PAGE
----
Of course, the American people could have told them that, and repeatedly did, but one thing the governors love to do when they get to Washington is remind the Beltway-elects how "in touch" they are out there in the real America. But will Congress listen this time? TIME congressional correspondent John Dickerson is optimistic. "It could turn out to be a real bipartisan lovefest," he says. "The odd senator will miss all the attention, but a lot of them, especially in the House, sincerely want to get back to what they came to Washington for: infrastructure bills." What if they don't? Republican governor Frank Keating of Oklahoma had a doomsday scenario for his two-party colleagues: "If Republicans and Democrats don't address the concerns of the ordinary citizen, there will be a lot more independent candidates like Jesse Ventura." Enough said.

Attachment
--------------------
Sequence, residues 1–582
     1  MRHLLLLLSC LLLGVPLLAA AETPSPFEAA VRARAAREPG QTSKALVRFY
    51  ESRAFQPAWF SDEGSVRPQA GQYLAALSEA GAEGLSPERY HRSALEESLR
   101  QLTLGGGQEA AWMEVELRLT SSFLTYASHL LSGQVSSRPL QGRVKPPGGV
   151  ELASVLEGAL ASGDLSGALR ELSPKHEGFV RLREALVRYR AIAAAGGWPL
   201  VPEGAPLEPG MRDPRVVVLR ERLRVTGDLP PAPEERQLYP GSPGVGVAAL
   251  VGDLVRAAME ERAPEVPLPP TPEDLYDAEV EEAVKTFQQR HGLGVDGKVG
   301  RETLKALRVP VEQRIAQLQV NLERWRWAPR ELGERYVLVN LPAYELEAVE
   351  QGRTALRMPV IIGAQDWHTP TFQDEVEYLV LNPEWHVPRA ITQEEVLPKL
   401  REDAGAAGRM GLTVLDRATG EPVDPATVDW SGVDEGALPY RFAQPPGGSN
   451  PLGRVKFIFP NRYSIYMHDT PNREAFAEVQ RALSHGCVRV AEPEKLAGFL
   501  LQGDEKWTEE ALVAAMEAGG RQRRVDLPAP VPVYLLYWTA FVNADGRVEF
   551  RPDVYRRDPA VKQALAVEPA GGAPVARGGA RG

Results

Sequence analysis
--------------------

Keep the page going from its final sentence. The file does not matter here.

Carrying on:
WASHINGTON: Turns out we have a third branch of the legislature -- and this one really wants the other two to get their acts together. In town for their winter meeting, the 50 U.S. governors welcomed their congressional counterparts back to work this week with a warning: Forget about that whole impeachment thing. "If the leaders of either party use the impeachment issue for political purposes in coming months, they need to have their heads examined," said newly reelected GOP governor John G. Rowland of Connecticut. "The American people are sick of it. It's over. Good-bye."